Oracle's Got What It Takes - Barron's

 |  Includes: BEAS, IBM, MSFT, ORCL, SAP
by: SA Eli Hoffmann

Barron's cover story this week takes a sensationally bullish stance on Oracle (NASDAQ:ORCL) and its controversial CEO Larry Ellison.

Oracle bears seem to think Ellison is pre-occupied with yacht racing. It may be true that he loves boating, but with 42 acquisitions worth more than $30B in less than four years, it's hard to fault Ellison for giving Oracle less than his full attention. Coupled with its formidable $22B in annual revenue, margins have climbed to 42% from 36% five years ago.

Its aggressive buying spree has made Oracle number-one in non-mainframe databases and middleware -- leaving only enterprise applications in which it trails rival SAP (NYSE:SAP). "Our goal is to be No. 1 in every segment in which we participate," Ellison says. "We are growing faster than [SAP], and I think we can catch them," which he plans to accomplish by buying smaller, industry-specific software developers.

"The name of the game is scale," Ellison says, explaining his aggressiveness. Software developers with annual sales of $250M-$1B average operating margins of 10%. $1B-5B average 16%. The four biggest -- Oracle, SAP, IBM (NYSE:IBM) and Microsoft (NASDAQ:MSFT) average 30%.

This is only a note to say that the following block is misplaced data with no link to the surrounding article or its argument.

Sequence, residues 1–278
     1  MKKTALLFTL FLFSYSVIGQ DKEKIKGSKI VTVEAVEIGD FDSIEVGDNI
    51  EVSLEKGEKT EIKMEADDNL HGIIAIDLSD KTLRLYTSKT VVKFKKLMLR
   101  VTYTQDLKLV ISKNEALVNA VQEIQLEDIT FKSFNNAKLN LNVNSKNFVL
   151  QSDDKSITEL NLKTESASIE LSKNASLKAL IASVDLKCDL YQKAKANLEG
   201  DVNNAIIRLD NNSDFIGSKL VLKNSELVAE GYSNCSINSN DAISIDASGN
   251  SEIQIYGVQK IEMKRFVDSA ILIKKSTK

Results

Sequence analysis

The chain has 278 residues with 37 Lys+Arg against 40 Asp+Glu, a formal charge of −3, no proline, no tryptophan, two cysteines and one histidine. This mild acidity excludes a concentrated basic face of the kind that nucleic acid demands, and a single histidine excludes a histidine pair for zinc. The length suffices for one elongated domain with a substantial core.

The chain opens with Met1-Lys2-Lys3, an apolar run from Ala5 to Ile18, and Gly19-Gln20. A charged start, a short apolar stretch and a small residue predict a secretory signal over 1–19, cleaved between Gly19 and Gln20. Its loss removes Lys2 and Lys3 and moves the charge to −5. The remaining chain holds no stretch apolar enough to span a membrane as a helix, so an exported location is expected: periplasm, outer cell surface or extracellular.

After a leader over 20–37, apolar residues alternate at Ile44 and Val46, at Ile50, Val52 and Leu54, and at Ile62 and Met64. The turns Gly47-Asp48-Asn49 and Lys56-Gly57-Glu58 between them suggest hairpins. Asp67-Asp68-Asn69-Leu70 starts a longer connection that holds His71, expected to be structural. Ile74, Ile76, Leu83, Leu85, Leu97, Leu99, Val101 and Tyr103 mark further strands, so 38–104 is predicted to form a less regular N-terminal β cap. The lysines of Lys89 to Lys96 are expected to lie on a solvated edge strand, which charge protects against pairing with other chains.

Oracle has a great record of maintaining customer bases, both organic and acquired. Maintenance revenues are growing at a 24%/year clip, and Oracle's maintenance-renewal rate is 90%, despite its refusal to reduce fees to snag customers.

Barron's says Oracle should easily maintain 20%+ annual earnings growth. Analysts think shares ($21) are worth $24-30. Ellison agrees: "I think we do deserve a premium multiple. The market gets it right over a long period."


  • Larry Dignan worries Oracle's acquisition of Bea Systems (BEAS) may be its last logical move. Further significant deals, he notes, will likely be viewed with skepticism.
  • Rick Sherman notes summer's-end is typically a good time to buy into enterprise software developers.
  • MGI Research thinks bullishness on software stocks is premature. "There appears to be more room for downside surprises as government and corporate buyers tighten their belts and push out their IT expenditures into 2009," it says.